Which means that without the pdb files you won’t be able to step into the code and debug NServiceBus. The reason I like to recompile the source code is that the pdb files point to the directory containing the source code which makes life easier. Also it’s good practise anyway, so that if you want to change any of the source code you can.

  • This should result in a folder like this:

nservicebus_dependencies_folder

  • Go back to visual studio and add references to the dlls and exe

add_referencezs

  • Now we’ll create a very basic NServiceBus solution to demo the debugging:

Creating an NServiceBus “Client” to demo debugging

To demo this I copied the over the following 4 files from the FullDuplex example project into my new project:

  1. NServiceBus-NServiceBus-280b6d9\Samples\FullDuplex\MyClient\App.config
  2. NServiceBus-NServiceBus-280b6d9\Samples\FullDuplex\MyClient\ClientEndpoint.cs
  3. NServiceBus-NServiceBus-280b6d9\Samples\FullDuplex\MyClient\DataResponseMessageHandler.cs
  4. NServiceBus-NServiceBus-280b6d9\Samples\FullDuplex\MyClient\EndpointConfig.cs




myclientcopied

  • Go back to visual studio and include all the above files in the project

NService Bus Include Files

  • Next I’ll delete “Class1.cs”
  • If you try to compile at this point it will moan about the missing “message” project. So let's create that now:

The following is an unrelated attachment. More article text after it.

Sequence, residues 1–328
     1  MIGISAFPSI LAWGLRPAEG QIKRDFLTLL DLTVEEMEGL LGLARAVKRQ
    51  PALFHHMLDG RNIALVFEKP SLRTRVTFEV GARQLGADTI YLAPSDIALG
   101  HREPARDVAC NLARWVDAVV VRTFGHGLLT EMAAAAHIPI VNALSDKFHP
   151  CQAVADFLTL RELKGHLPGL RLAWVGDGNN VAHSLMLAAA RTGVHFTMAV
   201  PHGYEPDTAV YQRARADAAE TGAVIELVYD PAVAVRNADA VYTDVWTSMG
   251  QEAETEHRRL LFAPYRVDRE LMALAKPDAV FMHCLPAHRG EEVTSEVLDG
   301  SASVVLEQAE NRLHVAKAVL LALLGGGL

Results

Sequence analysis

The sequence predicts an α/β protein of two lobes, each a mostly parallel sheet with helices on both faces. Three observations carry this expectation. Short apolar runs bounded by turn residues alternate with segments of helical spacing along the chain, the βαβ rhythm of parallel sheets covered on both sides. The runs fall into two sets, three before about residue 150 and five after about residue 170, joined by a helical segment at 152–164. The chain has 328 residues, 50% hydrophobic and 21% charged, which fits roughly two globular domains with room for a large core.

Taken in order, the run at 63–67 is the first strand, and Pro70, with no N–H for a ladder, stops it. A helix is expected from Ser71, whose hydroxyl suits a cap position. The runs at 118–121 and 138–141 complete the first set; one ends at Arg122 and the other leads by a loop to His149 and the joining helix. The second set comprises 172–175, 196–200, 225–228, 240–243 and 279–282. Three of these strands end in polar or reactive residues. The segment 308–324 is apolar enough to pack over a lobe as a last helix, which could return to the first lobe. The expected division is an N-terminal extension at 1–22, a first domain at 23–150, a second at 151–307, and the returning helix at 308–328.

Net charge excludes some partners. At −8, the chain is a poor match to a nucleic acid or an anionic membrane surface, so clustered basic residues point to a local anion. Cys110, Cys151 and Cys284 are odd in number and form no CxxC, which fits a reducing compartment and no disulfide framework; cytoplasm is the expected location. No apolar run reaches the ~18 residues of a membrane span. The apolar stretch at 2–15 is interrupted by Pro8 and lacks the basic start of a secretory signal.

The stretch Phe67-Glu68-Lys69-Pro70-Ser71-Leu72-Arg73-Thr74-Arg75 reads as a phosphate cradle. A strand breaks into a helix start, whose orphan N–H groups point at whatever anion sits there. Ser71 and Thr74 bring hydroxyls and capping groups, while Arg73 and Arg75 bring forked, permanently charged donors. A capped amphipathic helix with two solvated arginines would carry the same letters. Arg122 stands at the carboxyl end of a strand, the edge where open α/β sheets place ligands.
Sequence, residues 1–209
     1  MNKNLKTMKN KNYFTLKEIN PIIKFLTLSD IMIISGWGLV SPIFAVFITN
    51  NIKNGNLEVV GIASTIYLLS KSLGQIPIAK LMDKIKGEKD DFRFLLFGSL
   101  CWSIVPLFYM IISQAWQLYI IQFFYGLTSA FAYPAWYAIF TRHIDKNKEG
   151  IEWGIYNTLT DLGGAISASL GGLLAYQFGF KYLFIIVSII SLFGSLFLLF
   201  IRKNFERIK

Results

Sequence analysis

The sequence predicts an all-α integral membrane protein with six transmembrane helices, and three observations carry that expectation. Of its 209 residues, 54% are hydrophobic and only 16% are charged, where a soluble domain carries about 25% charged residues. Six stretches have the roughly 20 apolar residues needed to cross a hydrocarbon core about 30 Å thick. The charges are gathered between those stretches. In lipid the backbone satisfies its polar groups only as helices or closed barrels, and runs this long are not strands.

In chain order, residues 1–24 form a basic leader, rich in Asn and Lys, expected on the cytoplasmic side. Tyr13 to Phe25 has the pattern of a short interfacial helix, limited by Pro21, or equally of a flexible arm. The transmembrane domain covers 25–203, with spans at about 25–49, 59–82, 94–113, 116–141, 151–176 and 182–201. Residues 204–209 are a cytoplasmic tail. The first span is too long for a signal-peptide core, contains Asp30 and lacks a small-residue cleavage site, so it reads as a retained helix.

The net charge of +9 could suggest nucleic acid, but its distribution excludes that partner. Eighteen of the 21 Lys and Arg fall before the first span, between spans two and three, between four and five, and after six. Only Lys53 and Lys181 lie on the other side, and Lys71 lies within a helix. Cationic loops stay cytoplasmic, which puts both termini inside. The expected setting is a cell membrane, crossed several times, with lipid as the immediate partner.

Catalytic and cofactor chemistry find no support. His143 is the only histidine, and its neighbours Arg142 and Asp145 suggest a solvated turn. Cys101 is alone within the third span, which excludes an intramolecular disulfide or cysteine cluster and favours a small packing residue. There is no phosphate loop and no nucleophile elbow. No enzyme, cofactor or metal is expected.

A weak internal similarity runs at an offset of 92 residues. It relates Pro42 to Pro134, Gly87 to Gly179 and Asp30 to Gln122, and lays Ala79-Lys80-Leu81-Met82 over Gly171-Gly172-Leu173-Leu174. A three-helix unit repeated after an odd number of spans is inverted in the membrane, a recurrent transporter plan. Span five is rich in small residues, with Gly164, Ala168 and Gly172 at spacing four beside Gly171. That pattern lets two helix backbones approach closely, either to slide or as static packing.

• Right Click on the solution in the solution explorer and click Add >> New Project
  • Call the new Project “NServiceBusDemo1_Messages”




NewProject

  • Copy over the following file into the “NServiceBusDemo1_Messages” project folder:
  1. NServiceBus-NServiceBus-280b6d9\Samples\FullDuplex\MyMessages\Messages.cs

Message_Class_copied_Over

  • Open up visual studio and include this file into the “NServiceBusDemo1_Messages” project :

Include MEssage class

  • Delete “Class1.cs”
  • Include Reference to NServiceBus




Include_Nservicebus_reference

  • We’ll need to reference the “NServiceBusDemo1_Messages” project from the “NServiceBusDemo1” project:

Include_Message_Project

  • Now we’ll need to update the app.config to reference the new project. Change the line:
<add Messages="MyMessages" Endpoint="MyServerInputQueue" />

to

<add Messages="NServiceBusDemo1_Messages" Endpoint="MyServerInputQueue" />

AppConfig_update

  • The solution should now build. Press F6 to test
  • Finally we’ll need to run the project using the generic host.
  • Right Click on the “NServiceBusDemo1” project and select properties
  • Click the Debug Tab
  • Select Start Action “Start external program:”
  • Browse to the bin/Debug folder of the “NServiceBusDemo1” project and select the generic host:




Running_Generic_Host

  • You should now be able to run the “NServiceBusDemo1” project in debug. To test put a break point on the Console.WriteLine( in the ClientEndpoint.cs file

Break_Point

  • Right Click on the “NServiceBusDemo1” project in the solution explorer and select Debug >> Start new instance
  • The program should break on the Console.WriteLine
  • Now press F10 until you get to the Bus.Send<RequestDataMessage>(m => line
  • Press F11 to step into the code




Stepped_into_code

  • That it. You’re now debugging the code and should be able to use this to help solve your own problems :)